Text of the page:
With this method, the only way you’ll know if you’ve unclogged the drain is to reassemble the trap and run water down the drain. If you’ve got a metal trap and drain arm, we recommend replacing them and the other metal drain parts with plastic. Plastic parts are easy to cut and assemble. They’re also easier to take apart if you have a problem in the future, and they don’t corrode.
There’s an art to using a drain snake, and the more experience you have, the better you’ll be at it. Here’s how you do it. Loosen the setscrew or chuck to allow the cable to come out of the drum freely. Now feed the cable into the drain until you can’t push it any more. It may be stuck on the clog or simply meeting resistance where the drainpipe bends.
Position the end of the drum so there’s about 8 in. of cable showing between the drain and the drum, and tighten the setscrew or chuck onto the cable. Withdraw the cable about an inch so that it’s free of the obstruction, and start turning the drum while you push it toward the drain. Continue until you’ve pushed the exposed cable down the drain. Then repeat the process by loosening the setscrew and withdrawing another 8 in. of cable. If the end of the cable gets stuck and you keep turning the drum, the cable will start to spiral inside the drain. You want to avoid this, so stop turning the drum if you feel that the cable isn’t turning freely anymore. Withdraw the cable about 6 in. and try again.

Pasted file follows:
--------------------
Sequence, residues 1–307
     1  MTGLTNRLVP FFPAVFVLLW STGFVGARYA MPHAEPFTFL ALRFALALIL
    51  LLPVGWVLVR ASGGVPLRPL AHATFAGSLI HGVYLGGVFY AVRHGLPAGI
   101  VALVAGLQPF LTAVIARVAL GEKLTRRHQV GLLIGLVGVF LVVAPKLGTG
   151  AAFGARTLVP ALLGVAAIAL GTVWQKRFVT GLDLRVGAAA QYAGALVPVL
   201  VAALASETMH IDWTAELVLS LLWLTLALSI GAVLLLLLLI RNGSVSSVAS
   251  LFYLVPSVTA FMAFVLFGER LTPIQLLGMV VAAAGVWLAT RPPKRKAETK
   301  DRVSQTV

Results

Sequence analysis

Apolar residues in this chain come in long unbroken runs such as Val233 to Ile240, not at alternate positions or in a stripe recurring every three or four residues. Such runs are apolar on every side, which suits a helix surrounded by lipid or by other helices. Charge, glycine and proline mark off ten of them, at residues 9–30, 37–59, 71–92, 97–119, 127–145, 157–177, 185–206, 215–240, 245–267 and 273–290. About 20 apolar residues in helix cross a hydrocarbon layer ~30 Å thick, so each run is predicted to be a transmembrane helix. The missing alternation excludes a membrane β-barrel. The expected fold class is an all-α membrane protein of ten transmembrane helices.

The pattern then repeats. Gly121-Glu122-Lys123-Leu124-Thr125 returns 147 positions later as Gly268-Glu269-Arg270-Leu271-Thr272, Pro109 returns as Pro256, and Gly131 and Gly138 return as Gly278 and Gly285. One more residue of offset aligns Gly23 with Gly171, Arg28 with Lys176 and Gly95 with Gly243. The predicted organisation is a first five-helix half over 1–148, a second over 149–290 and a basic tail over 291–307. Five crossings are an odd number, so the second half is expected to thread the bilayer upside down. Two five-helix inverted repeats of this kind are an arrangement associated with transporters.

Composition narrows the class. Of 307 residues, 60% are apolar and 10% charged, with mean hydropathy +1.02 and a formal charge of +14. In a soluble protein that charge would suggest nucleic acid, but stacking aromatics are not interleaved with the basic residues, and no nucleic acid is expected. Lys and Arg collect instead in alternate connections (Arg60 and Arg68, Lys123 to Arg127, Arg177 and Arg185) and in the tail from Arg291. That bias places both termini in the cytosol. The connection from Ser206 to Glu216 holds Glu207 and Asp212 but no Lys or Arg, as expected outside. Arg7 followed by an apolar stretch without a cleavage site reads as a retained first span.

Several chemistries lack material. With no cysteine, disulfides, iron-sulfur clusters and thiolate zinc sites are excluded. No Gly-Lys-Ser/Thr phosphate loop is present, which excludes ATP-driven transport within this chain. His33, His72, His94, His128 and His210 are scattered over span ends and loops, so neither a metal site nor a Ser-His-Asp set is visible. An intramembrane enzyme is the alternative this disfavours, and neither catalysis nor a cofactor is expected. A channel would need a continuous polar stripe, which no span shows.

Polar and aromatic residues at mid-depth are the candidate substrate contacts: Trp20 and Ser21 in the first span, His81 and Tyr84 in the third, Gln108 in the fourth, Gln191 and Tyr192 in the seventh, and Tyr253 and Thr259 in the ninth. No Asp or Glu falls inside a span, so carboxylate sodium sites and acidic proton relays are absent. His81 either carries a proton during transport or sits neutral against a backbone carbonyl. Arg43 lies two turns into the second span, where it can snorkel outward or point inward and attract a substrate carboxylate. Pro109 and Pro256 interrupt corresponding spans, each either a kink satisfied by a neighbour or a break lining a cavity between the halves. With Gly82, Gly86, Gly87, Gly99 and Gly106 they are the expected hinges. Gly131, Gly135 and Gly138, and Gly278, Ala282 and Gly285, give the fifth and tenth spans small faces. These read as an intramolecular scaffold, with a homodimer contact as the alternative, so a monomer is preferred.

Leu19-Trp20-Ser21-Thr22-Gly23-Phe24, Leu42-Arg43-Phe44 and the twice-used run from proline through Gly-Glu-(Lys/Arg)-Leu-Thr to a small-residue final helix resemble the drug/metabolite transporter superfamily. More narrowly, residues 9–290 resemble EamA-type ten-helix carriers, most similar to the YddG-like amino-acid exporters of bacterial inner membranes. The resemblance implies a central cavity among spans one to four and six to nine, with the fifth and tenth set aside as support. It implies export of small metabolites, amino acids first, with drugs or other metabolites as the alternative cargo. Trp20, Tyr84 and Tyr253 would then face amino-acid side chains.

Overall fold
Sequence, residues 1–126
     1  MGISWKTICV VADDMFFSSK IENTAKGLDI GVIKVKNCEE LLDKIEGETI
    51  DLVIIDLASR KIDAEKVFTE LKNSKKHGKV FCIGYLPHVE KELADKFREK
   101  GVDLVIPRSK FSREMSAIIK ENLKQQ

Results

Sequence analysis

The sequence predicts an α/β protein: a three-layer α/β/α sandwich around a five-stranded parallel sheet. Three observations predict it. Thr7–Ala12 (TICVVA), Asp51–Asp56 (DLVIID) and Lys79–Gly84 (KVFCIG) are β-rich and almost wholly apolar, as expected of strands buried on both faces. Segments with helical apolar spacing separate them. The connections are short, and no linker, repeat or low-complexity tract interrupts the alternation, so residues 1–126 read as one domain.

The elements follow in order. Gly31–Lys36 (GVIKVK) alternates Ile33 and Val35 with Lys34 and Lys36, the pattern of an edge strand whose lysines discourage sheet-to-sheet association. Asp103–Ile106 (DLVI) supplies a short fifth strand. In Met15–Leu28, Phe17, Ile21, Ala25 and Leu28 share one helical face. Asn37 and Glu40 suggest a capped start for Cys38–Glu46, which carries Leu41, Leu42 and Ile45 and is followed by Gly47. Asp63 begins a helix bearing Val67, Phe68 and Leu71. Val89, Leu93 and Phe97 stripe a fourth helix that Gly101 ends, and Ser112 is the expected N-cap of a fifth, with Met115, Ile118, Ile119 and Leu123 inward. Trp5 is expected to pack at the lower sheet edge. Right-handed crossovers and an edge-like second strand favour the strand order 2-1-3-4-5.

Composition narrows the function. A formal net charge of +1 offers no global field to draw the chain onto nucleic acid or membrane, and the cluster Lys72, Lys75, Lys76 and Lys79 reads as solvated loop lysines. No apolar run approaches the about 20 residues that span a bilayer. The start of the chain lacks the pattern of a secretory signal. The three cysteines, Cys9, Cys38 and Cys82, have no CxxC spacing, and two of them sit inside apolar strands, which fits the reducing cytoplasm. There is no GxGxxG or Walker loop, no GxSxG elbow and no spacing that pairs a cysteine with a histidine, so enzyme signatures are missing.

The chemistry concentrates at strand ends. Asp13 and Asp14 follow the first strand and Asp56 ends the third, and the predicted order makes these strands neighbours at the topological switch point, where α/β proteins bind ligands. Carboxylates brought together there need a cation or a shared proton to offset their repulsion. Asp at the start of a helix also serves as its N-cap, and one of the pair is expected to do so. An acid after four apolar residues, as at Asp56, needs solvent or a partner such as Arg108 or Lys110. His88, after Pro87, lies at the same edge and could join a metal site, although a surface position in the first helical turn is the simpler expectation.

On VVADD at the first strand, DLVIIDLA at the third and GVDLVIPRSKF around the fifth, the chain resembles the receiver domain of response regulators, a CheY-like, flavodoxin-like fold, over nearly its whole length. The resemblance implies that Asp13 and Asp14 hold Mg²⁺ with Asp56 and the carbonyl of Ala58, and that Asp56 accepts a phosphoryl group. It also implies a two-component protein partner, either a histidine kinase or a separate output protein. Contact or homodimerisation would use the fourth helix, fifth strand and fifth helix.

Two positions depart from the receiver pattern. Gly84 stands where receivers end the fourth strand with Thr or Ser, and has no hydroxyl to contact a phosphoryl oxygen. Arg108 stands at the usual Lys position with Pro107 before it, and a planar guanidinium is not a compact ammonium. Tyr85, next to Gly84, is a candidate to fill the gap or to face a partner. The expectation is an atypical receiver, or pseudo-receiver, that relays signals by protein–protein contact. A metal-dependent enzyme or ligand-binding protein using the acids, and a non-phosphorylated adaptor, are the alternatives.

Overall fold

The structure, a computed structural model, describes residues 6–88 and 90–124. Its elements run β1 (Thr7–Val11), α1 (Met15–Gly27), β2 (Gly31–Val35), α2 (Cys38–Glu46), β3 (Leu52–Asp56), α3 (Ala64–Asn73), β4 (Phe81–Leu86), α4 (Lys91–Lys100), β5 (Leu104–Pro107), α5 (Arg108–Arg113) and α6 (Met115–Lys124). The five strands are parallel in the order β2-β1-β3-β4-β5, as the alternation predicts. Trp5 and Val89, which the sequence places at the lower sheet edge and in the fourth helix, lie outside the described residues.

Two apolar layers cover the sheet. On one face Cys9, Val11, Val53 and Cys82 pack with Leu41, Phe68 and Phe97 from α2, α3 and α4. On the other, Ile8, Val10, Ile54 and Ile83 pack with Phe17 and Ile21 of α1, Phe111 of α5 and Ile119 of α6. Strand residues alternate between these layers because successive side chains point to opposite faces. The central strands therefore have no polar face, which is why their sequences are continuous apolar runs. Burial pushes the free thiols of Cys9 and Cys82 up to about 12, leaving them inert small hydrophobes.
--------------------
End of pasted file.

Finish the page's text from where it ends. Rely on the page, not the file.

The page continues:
Several things can happen at this point. You might bore through the clog, allowing water to run through and dissolve the remaining clog. You might push the clog to a point where the diameter of the pipes is larger and it can wash down the drain. Or you might hook the clog with the end of the snake and pull it out. This is where your intuition comes into play. When you think you’ve unclogged the drain, withdraw the snake. If you’ve pushed the cable down through the basket strainer, you can rinse it off as you retrieve it by running water. Otherwise, put on some gloves and wipe the cable off with a rag as you push it back into the drum.
When you’re done cleaning the drain, pull the cable out of the drum, rinse it off, and wipe it down with an oil-soaked rag to keep it from rusting.
Have the necessary tools for this DIY project lined up before you start—you’ll save time and frustration.
You'll also need a 1/4-in. drain snake and rubber gloves
Avoid last-minute shopping trips by having all your materials ready ahead of time. Here's a list.